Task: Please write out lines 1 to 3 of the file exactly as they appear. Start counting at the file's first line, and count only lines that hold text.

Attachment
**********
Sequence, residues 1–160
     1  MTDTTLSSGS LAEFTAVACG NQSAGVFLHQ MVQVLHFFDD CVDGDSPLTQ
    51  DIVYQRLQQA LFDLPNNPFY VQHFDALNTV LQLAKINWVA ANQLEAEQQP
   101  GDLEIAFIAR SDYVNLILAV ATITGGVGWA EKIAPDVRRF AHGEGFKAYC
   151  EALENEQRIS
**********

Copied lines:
Sequence, residues 1–160
     1  MTDTTLSSGS LAEFTAVACG NQSAGVFLHQ MVQVLHFFDD CVDGDSPLTQ
    51  DIVYQRLQQA LFDLPNNPFY VQHFDALNTV LQLAKINWVA ANQLEAEQQP